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D.C. Voucher Students Begin to Nudge Ahead


The blogs were buzzing over the weekend with the latest findings from the federal evaluation of the District of Columbia's Opportunity Scholarship Program. You can catch some of the chatter here and here. Also, see the full story on EdWeek's homepage today.

Begun in 2004, the program attracts notice because it's the first federally funded school voucher program in the United States and it's up for renewal. In the first two years of the study, though, the federally funded researchers found the voucher students were not doing any better academically than those who had applied for—but failed to nab—one of the "golden tickets" in the voucher lottery.

Not so this year. According to the third-year findings released Friday by the U.S. Department of Education's Institute of Education Sciences, voucher students were scoring more than three months ahead of their voucher-less peers in reading. There were still no differences between the two groups, though, in terms of math achievement. The program also had no impact on the group of students for whom it was intended:students transferring from schools deemed to be in need of improvement.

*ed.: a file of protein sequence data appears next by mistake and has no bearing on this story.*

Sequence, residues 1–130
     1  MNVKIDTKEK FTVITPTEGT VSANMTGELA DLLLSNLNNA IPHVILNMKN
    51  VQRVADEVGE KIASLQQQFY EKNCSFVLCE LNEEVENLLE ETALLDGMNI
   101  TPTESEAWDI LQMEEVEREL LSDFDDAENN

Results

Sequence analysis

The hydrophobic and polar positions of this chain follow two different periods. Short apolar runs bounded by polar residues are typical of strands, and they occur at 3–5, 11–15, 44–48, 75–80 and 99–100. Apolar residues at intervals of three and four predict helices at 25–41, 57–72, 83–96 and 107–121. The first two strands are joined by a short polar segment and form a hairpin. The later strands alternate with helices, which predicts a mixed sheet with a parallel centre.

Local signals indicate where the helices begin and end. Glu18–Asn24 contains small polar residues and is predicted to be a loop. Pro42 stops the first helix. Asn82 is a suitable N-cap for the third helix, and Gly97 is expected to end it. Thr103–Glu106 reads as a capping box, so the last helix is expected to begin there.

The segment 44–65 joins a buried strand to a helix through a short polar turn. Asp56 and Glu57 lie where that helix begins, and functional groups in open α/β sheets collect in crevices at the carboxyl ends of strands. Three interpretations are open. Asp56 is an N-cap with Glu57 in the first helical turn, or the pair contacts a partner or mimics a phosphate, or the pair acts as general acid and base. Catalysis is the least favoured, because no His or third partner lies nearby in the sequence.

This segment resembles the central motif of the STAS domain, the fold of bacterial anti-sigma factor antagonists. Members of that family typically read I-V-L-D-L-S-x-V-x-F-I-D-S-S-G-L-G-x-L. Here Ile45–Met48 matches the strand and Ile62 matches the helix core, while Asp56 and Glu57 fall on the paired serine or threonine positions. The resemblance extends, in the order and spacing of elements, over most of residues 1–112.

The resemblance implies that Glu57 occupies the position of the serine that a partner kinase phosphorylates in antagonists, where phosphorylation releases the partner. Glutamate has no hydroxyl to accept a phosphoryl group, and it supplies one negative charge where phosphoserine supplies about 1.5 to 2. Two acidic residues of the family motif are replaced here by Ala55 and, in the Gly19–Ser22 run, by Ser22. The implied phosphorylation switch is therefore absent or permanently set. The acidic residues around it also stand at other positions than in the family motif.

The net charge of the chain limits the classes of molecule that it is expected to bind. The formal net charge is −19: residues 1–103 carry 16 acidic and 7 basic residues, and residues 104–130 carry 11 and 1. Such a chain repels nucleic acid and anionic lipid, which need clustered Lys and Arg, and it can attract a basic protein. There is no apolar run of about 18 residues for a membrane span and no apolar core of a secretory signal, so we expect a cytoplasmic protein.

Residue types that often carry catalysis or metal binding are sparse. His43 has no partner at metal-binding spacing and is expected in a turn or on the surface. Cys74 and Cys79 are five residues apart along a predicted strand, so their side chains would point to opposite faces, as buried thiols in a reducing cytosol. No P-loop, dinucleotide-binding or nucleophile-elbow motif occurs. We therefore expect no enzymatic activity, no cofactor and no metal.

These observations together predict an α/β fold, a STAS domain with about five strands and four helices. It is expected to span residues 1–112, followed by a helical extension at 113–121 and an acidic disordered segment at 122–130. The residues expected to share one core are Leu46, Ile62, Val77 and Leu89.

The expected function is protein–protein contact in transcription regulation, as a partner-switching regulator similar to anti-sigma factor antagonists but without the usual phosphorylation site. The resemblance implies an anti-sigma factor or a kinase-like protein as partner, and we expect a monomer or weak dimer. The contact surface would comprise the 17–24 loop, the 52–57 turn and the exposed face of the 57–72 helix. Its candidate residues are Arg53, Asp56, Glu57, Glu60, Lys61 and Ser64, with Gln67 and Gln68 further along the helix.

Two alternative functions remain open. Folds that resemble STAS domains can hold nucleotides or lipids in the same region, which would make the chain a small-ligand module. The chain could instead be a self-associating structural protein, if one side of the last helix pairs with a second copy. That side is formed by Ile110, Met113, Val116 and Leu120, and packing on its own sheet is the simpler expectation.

What's missing from all the media coverage, though, is the fact that this study is another one of the randomized controlled studies that the IES has been rolling out in recent years. If you've read my story on this spate of research, you'll know that most of those studies are finding few, if any, program effects. So the fact that the D.C. program is beginning to yield positive academic results may be especially noteworthy.

On the other hand, the third-year evaluation also shows that the voucher recipients were doing only slightly better in reading than the much smaller group of students who received a voucher, but decided not to use it. Go figure.


I always wonder why some things correlate and others don't. I wonder if it is possible that students who are scoring higher are scoring higher because they come from families where education receives greater attention. These families would also be more likely to use vouchers.

The U.S. Dept. of Ed's Institute of Ed. Sciences seems very hard pressed favoring of vouchers, reporting reading gains in chunks of three months and in the third year of existence. Being up for renewal has nothing to do with it, I'm sure.

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